In Calgary, Alberta, Canada, we have had snow and zero Celsius temperatures until the end of last week. In fact, it seems that March came in like a lion and left the same way. So we were not ready for a Spring Celebration in March. Having Easter show up on April 13th is more appropriate for us.
What about Easter Eggs?
No one knows the origin of decorating eggs for Easter, but I’m sure you grew up with one or both of these customs.
- Hard boiling eggs in water coloured with food colouring.
- Poking a hole in either end of the shell, blowing out the contents (to be used later for scrambled eggs) and then decorating the shell with felt markers or gluing on bits of fabric.
Perhaps you suspended your pretty egg shells from a branch of pussy willow, another harbinger of spring.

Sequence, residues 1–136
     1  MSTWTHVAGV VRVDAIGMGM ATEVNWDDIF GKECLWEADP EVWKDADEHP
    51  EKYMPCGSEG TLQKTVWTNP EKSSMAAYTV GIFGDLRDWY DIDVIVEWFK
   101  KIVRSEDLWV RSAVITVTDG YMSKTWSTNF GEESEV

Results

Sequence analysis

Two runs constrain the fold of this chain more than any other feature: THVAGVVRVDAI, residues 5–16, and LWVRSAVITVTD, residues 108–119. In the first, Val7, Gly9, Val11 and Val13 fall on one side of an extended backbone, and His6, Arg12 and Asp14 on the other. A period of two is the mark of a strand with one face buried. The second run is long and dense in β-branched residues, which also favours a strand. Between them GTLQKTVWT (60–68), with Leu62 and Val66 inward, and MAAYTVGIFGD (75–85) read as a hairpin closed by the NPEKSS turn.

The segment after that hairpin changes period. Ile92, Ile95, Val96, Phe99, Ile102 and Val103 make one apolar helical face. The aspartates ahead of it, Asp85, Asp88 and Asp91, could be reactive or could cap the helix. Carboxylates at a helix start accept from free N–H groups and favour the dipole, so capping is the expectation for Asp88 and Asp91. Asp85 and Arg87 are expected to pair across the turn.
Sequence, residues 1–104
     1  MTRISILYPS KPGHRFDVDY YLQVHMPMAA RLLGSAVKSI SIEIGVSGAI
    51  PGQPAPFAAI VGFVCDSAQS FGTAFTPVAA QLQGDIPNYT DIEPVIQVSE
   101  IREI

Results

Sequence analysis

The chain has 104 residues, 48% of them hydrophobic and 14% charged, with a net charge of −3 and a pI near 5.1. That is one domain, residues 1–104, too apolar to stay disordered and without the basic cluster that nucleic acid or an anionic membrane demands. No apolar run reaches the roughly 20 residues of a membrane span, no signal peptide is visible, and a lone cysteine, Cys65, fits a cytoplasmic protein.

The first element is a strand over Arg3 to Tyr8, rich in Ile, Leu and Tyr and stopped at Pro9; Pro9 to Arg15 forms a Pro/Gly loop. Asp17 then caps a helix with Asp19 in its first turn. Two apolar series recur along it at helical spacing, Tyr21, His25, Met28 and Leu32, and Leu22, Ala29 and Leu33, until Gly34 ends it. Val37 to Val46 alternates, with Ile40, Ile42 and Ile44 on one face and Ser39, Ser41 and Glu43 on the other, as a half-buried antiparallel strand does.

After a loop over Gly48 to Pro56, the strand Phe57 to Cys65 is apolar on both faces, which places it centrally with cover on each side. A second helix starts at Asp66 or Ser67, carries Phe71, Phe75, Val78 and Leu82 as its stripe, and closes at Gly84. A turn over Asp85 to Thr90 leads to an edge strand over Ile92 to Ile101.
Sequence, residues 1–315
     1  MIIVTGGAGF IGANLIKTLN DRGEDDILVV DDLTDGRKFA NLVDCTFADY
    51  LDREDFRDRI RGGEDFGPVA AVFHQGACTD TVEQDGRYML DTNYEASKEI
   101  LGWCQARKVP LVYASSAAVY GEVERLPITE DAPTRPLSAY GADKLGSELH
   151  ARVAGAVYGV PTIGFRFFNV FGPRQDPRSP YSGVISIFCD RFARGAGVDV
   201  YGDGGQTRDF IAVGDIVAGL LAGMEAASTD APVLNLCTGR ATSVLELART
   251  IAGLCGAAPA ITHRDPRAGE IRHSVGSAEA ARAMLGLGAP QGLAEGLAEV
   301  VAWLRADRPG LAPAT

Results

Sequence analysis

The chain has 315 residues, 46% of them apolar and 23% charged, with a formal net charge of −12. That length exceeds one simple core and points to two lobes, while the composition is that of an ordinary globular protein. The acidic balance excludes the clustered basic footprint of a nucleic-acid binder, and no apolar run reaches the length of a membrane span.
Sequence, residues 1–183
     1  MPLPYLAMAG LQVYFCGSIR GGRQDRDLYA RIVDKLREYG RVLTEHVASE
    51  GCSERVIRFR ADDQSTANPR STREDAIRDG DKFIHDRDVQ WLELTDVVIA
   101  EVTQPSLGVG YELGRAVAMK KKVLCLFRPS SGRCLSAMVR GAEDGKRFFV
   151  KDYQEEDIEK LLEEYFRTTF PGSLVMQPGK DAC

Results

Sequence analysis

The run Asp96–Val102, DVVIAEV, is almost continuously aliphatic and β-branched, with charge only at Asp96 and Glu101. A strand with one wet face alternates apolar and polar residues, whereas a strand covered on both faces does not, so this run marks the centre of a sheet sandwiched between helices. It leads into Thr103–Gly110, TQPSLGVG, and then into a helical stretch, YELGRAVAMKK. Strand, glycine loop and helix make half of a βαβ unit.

You might like to know that the world’s largest Easter Egg is located in my home province of Alberta, in the town of Vegreville. It is 31 feet long and weighs 5,512 pounds. Unfortunately, it is not made of chocolate.
Vegreville Pysanka from Wikipedia
You can read about Vegreville’s giant Easter egg, or Pysanka, here. Ukrainian Easter eggs are known as pysanky and the tradition of decorating them dates to the pre-Christian era.
This Sunday, how are you welcoming Spring and Easter? Will you have coloured hard boiled eggs? What colour? Or will you have scrambled eggs for breakfast while admiring your Easter Egg tree? Or will you settle for the newer tradition of chocolate eggs? Will you hide any?
Easter Eggs in a cup from iStockphoto.com #000008542559
pussy willows and Easter eggs from thinkstockphotos.com #179299286
Vegreville Pysanka from Wikipedia